The last one month sparked controversy on social media after the European continent yet again demonstrated that they remain the queens of racial discrimination.
It started with Chelsea’s rising star Tammy Abraham when the teenager lost the last post-match penalty kick to give Liverpool the Champions League Super Cup after a 2-2 draw.
Tammy was subjected to racial abuses from online bullies, a phenomenon that didn’t ogre well with the Chelsea Football Club management.
Days later, Manchester United’s World Cup winning midfielder Paul Pogba lost a spot-kick in regular time against Wolverhampton and the French was not spared of his skin colour after the game ended 1-1.
During the past weekend, two incidences again happened and this time, it was former United striker Romelu Lukaku who scored a winning penalty for his new club Inter-Milan against Cagliari. Inter won the match 2-1.
Back at Stamford Bridge, Chelsea’s defender Kurt Zouma scored an own-goal in the dying minutes to let newbies Sheffield Wednesday snatch a surprise 2-2 draw against Chelsea
The camera lenses captured a dejected Zouma covering his face with his right hand apparently in preparations for his then impending bashing by the online racists. He was not spared.
Families of these players are as well affected as these are loving dads, husbands and sons to human beings with feelings.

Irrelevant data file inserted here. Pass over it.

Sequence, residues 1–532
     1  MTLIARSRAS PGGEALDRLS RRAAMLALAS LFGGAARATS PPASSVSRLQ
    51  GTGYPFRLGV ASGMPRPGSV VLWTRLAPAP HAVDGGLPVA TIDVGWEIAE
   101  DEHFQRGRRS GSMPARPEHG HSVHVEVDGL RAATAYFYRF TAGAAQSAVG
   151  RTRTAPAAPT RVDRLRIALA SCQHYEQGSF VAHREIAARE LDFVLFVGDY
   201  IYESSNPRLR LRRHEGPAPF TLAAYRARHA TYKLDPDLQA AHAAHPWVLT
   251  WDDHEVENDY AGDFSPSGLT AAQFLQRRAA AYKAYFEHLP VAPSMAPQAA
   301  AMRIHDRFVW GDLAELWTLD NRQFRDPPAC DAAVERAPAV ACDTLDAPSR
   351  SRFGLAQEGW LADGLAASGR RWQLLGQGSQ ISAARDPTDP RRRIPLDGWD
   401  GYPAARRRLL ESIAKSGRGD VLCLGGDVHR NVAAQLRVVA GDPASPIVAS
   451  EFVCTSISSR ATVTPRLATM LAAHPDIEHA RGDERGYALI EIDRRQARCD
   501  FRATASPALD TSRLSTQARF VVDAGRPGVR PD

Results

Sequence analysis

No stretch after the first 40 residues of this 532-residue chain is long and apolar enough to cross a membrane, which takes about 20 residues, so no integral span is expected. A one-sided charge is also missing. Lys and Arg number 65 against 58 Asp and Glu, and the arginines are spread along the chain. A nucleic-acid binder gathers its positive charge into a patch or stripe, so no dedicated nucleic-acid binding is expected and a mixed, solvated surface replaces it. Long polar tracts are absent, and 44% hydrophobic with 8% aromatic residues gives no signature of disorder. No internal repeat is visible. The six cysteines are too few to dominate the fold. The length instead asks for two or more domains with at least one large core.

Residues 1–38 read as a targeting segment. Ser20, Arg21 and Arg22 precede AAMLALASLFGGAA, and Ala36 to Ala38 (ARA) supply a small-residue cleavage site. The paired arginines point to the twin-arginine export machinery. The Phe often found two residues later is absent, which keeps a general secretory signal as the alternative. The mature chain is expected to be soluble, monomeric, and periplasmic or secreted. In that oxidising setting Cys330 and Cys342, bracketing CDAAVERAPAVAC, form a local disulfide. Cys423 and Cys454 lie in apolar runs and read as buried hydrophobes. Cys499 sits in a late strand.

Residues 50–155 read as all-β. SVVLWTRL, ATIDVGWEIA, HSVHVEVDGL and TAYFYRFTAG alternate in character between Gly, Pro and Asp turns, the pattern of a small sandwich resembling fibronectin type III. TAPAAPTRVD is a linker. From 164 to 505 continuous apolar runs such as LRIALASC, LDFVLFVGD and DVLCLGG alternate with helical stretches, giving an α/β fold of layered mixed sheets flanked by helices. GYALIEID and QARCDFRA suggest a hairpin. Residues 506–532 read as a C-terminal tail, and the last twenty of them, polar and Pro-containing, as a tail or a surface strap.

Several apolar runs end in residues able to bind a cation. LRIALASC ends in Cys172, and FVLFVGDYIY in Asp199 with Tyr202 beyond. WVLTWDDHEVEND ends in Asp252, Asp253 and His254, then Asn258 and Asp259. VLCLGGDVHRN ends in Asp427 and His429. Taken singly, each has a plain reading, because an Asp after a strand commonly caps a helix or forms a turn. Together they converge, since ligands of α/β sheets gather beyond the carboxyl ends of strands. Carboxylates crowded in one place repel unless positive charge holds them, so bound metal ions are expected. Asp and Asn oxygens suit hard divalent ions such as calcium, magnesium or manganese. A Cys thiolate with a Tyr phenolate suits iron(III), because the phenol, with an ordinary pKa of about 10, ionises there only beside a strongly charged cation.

You may never have met them in person nor asked for their help but will pounce on your throat torturing you on online platforms.
Even as the world celebrates the online technology which has eased communication, not everyone has embraced the online engagement in relation to one’s experience.
And in this whole cyber bullying, women are also victimized. Joy (not her real name), a staff at AAYMCA fell victim to cyber bullying last year. Her only mistake was to post her pictures on Facebook. A con downloaded the pictures, created a new Facebook page and started coning people. This went on unknown to Carol.
One day, a person who had been conned, shared Joy’s pictures on Buyer Be Ware, a Facebook page that is used to expose cons in society. Carol received all manner of insults, she was devasted, heartbroken and even contemplated leaving social media. None was believing her side of story, that she was not a con but someone used her pictures to con people.
The matter was reported at Kilimani Post Station and referred to DCI but to date nothing has been done, despite the fact that all details about the real con who was coning people using her pictures shared with the police and DCI officers. She was instead asked for a KES 10,000 bribe by an officer for her case to be followed up. She refused to pay and that’s how her case died a natural case.
Jeniffer (not her real name) fell victim to online bullying in 2013 when she attempted vying for an elective seat in Western Kenya.
According to Jeniffer*, her only sin was trying to vie. Just that. Her opponents hired online goons that roasted her alive, photo-shopping her in intimate photos with a tycoon she claims had never met in real life.